1:8 – Calgary Stampeders: TE Antony Auclair, Laval
As usual, the Stamps have the best Canadian content in the league. (I know, what else is new?). They’ll pick up some depth nationals in the later rounds to replace some losses in free agency, but have absolutely no pressing needs in the first round. They’re astronomically loaded along the offensive line, with Canadians Pierre Lavertu, Spencer Wilson, Dan Federkeil, Shane Bergman, Karl Lavoie, Brad Erdos, Roman Grozman and Cam Thorn. Calgary’s in perfect position to invest in an NFL-bound player, and who better than Laval TE/SB Anthony Auclair, a truly unique prospect to the CFL Draft.
Auclair, who impressed at the East-West Shrine Game, possesses NFL-wanted TE size at 6’6″, 254-pounds. When watching him at the Shrine as well as during his time at Laval, I was shocked by just how comfortable and smooth he seemed running and catching the football. He’s going to get an NFL opportunity, but if he comes north, the Stamps will have a seriously interesting player on their hands. There’s truly no current CFLer to compare with Auclair – he’s a unicorn. I envision Auclair as an F-receiver that doesn’t need to be subbed out for a fullback in those personnel groupings. The Stamps would be able to get incredibly creative with their offense if they ever landed Auclair on a CFL contract.
Although the Redblacks could go many different routes with the last pick in the first round, selecting Behar makes a lot of sense. It fills a need – Ottawa has suspect depth behind Brad Sinopoli – and adds another local product to the team’s receiving corps. Behar is a London, Ontario native but, of course, played college ball in Ottawa. The Redblacks could use another offensive lineman – McGill’s Qadr Spooner will be considered – as well as a defensive tackle, however a DT such as Idaho’s Faith Ekakitie or Montreal’s Junior Luke would be a reach in the first round. Behar’s local ties edge out Spooner.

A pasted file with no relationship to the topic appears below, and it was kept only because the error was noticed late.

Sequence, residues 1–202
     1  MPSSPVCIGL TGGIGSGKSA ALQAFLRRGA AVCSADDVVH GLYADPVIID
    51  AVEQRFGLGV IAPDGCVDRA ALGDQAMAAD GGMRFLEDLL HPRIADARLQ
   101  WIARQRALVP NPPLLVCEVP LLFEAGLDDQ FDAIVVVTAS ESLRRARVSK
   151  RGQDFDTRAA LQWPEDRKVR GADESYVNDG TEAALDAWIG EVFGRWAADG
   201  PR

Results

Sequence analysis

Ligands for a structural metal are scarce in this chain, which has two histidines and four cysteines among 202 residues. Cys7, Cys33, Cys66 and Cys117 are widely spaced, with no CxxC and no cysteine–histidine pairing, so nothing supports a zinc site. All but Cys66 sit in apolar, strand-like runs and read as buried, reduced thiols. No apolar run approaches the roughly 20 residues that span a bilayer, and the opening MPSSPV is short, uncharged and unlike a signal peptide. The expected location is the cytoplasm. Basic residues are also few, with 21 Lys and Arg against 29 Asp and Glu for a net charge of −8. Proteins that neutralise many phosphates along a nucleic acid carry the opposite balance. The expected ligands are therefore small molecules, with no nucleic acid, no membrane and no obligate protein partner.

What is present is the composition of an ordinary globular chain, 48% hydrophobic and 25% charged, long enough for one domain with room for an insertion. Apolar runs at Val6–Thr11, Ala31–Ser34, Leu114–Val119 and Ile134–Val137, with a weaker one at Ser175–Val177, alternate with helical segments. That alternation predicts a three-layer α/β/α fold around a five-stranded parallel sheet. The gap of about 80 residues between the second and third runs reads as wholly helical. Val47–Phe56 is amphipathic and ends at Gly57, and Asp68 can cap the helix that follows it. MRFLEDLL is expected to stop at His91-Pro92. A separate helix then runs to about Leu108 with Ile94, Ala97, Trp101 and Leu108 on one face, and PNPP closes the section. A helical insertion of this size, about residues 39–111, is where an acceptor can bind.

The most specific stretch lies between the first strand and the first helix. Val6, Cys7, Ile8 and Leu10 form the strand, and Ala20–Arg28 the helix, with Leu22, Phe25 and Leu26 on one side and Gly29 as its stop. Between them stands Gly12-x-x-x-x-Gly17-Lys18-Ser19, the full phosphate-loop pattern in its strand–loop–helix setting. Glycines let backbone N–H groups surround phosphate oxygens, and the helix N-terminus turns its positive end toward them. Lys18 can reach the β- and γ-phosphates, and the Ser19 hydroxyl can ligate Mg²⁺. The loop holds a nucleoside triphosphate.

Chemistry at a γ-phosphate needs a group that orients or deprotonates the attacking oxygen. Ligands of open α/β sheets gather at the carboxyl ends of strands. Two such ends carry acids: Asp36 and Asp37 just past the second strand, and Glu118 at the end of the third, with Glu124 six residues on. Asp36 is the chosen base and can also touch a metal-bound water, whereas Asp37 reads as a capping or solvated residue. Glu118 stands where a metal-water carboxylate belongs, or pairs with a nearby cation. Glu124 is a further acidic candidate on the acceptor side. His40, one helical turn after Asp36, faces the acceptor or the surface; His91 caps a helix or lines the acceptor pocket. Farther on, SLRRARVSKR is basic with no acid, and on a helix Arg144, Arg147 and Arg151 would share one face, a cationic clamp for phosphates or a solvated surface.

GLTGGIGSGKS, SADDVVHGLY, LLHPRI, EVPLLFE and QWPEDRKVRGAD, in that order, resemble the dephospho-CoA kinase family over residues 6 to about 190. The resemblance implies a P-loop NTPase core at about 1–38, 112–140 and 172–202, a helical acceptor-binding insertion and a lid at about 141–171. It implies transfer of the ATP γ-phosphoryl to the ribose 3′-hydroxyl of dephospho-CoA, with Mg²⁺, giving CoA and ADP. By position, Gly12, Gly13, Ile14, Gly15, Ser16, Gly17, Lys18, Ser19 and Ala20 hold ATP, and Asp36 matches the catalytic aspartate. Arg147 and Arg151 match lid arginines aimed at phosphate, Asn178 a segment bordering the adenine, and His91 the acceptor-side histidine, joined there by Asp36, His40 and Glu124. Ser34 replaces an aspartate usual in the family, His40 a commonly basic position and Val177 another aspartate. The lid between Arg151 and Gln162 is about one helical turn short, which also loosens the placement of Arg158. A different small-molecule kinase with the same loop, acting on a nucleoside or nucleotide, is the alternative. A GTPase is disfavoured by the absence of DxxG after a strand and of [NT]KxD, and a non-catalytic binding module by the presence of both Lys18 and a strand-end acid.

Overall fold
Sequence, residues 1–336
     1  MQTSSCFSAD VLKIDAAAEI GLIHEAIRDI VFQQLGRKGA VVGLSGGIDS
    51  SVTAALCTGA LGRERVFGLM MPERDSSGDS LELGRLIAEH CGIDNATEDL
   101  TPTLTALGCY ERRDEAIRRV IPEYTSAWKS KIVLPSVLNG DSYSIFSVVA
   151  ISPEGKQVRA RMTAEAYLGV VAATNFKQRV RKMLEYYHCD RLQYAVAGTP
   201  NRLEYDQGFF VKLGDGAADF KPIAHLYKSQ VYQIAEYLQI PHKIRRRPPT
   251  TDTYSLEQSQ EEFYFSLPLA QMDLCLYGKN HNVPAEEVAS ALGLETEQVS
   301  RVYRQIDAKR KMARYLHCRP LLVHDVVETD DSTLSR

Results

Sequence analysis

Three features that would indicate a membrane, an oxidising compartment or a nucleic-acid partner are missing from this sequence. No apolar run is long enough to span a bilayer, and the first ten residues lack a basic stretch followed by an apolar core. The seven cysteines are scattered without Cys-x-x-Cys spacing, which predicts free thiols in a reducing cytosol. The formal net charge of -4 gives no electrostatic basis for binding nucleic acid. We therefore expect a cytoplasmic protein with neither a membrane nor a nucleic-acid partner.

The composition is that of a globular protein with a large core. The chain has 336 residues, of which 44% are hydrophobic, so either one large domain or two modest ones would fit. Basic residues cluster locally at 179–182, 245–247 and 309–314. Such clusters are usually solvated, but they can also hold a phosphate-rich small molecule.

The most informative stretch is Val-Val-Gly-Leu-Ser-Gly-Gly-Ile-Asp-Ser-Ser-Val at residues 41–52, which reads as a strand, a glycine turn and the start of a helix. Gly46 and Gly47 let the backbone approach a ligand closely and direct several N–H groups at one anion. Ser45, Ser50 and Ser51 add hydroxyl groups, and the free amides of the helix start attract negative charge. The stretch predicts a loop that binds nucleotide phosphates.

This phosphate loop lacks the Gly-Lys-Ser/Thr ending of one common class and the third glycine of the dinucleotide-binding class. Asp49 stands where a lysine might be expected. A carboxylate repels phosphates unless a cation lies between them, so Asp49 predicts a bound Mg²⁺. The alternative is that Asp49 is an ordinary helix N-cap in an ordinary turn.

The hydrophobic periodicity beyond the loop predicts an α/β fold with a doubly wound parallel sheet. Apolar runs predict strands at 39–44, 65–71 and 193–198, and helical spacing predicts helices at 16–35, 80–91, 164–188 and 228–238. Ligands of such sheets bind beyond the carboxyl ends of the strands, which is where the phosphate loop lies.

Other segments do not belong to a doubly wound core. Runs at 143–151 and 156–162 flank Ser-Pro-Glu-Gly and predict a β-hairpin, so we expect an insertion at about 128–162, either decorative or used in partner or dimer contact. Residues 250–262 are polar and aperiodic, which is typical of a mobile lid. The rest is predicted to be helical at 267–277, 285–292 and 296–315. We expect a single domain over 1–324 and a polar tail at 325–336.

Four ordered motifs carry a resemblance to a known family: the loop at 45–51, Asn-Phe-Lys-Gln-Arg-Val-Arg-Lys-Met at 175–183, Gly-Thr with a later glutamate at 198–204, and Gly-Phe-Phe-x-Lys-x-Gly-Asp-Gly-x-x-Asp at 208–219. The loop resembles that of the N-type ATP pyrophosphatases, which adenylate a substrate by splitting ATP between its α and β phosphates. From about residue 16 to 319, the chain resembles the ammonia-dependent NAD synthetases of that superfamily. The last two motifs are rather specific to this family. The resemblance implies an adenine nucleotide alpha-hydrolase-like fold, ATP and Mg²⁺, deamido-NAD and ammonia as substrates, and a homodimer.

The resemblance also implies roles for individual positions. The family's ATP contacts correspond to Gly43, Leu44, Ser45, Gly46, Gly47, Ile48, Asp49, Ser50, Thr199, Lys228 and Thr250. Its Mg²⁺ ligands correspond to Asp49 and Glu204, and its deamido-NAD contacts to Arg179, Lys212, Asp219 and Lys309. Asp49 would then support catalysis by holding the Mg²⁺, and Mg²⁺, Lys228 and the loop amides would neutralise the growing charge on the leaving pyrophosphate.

The Canadian Football League’s free agent frenzy has come and gone, and teams have their full attention set on the Canadian College Draft, scheduled for May 10. But first comes the regional and national combines – the latter being scheduled for March 11-13 – where several players will see their draft stock fluctuate.
Here’s my first of three mock drafts.
1:1 Saskatchewan Roughriders – G Charles Vaillancourt, Laval
The ‘Riders essentially have needs for Canadians at every position, but none more than along their offensive line. Saskatchewan lost depth offensive lineman Corey Watman – a disappointing first-round pick from 2014 – in free agency; Chris Best, 32, is ageing and is on the decline; and centre Dan Clark, who cooled off after an inspiring start, could use some serious competition in training camp. Vaillancourt, meanwhile, has fantastic size at six-foot-four, 325 pounds, and is one of the most decorated offensive lineman in CIS football history.
1:2 Montreal Alouettes – WR Tevaun Smith, Iowa
Recording only 563 receiving yards, Smith had a disappointing senior campaign for Iowa and, as a result, saw his NFL stock decrease dramatically. But the physical traits are there, as the six-foot-two, Toronto, ON. native has elite speed and jumping ability – he’s a legitimate deep-threat. The Alouettes aren’t exactly desperate for Canadian pass-catchers, but Smith’s talents could be simply too good to pass on.
1:3 BC Lions – G Josiah St. John, Oklahoma
Unlike last year, the Lions will start three Canadian interior offensive lineman next season, and drafting St. John could give them a solid sixth lineman and future All-Star. St. John couldn’t hold down a starting offensive tackle position with the Sooners – he started four games in 2015 – but at six-foot-six, 308 pounds, with great run-blocking skills, he could make a seamless transition to guard.
1:4 Toronto Argonauts – DT Mehdi Abdesmad, Boston College
Abdesmad was a solid defensive end at Boston College but projects as a three-tech defensive tackle in the professional ranks. He has phenomenal lower-body strength and was a productive player in the ACC, amassing a whopping 49 tackles and 15 tackles-for-loss in 2015. The Argos, who’s signing of Brian Bulcke indicates they’ll still start a Canadian DT despite Cleyon Laing leaving for the NFL, could have a fantastic defensive tackle rotation in the future with Abdesmad and 2015 second-round pick Daryl Waud.
1:5 Hamilton Tiger-Cats – RG Dillon Guy, Buffalo